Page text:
* FTSE 100 down 0.2 pct
* Outlooks from Rolls Royce, Tate & Lyle, Lloyds disappoint
* UK benchmark's close above 50-day MA encouraging-analysts
By Tricia Wright
LONDON, Feb 13 Britain's top share index fell on
Thursday after six straight days of gains, its longest rising
streak of the year, led down by food ingredients firm Tate &
Lyle and engineer Rolls Royce, which gave disappointing
Tate & Lyle lost most in percentage terms, down
16.1 percent after it scaled back its full-year outlook, citing
weak sales volume in developed markets.
Fellow European consumer staple Nestle also fell
after giving a caution on outlook, further denting sentiment
towards the sector, with the FTSE 350 Food producers
1.2 percent weaker.
Rolls Royce, down 13.6 percent, took the biggest
chunk out of the FTSE, knocking 11.9 points off the index.
Although the engineer's profit rise beat forecasts, its
outlook was disappointing, saying it expected 2014 profits to be
flat on the back of declining defence and marine revenues.
The downgraded outlooks cast doubt on a much hoped-for
earnings recovery this year, which many analysts are depending
on to fuel stock market gains this year after a bumper 2013.
Of FTSE 100 companies that have reported quarterly earnings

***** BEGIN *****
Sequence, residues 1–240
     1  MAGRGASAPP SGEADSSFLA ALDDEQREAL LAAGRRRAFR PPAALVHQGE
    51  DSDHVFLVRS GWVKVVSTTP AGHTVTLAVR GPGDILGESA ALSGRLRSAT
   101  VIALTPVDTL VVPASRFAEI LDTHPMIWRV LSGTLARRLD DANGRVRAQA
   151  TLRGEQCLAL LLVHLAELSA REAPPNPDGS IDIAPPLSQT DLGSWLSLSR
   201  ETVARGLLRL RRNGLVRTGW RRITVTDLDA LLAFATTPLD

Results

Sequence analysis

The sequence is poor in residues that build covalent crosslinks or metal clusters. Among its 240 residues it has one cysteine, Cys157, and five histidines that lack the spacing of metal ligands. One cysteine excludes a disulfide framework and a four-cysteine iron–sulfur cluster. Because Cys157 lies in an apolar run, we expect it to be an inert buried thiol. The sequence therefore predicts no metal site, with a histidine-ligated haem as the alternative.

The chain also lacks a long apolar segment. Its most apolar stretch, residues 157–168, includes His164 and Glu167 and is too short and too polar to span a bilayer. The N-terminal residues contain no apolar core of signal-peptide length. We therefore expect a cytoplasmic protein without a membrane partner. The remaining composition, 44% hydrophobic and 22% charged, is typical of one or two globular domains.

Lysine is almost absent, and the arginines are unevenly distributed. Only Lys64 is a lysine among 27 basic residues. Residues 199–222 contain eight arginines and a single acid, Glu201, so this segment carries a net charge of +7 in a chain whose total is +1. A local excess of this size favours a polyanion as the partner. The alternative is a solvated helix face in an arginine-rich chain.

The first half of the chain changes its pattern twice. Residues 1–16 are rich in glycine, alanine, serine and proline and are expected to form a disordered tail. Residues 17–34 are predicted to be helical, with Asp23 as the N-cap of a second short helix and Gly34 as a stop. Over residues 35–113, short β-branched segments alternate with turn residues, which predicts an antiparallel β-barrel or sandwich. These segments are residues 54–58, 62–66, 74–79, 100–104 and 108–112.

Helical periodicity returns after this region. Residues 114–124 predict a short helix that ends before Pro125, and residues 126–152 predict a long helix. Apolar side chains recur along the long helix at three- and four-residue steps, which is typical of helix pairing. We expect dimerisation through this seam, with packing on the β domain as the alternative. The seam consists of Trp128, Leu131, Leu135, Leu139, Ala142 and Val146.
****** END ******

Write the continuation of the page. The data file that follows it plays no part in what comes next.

so far, 39 percent have missed profit expectations.
"We got ahead of ourselves at the back end of last year, and
reports are going to be scrutinised a lot more," said Toby
Morris, senior sales trader at CMC Markets, citing the banking
sector as under particular pressure.
The FTSE 100 closed down 15.61 points, or 0.2
percent, at 6,659.42 points.
The index pared back earlier sharp losses heading into the
close, lifting it well above its 50-day moving average, at
6,633, breached earlier in the session, in what technical
analysts saw as an encouraging sign.
"If and when it closes above the key 6,700 mark then we
could easily see some more gains in the near term at least, with
the next obvious target being around 6,755 and then 6,800,"
Fawad Razaqzada, technical analyst at FOREX.com, said.
Lloyds fell 2.6 percent even after its return to
profit, with traders citing disappointing guidance for the bank,
media scrutiny over its bonuses and a strong run-up which saw it
hit five-year highs in January after gaining 65 percent in 2013.
"The regulatory environment remains austere, the level of
competition in the industry is increasing and the ongoing growth
in the return on capital number will remain under pressure,"
said Richard Hunter, head of equities at Hargreaves Lansdown.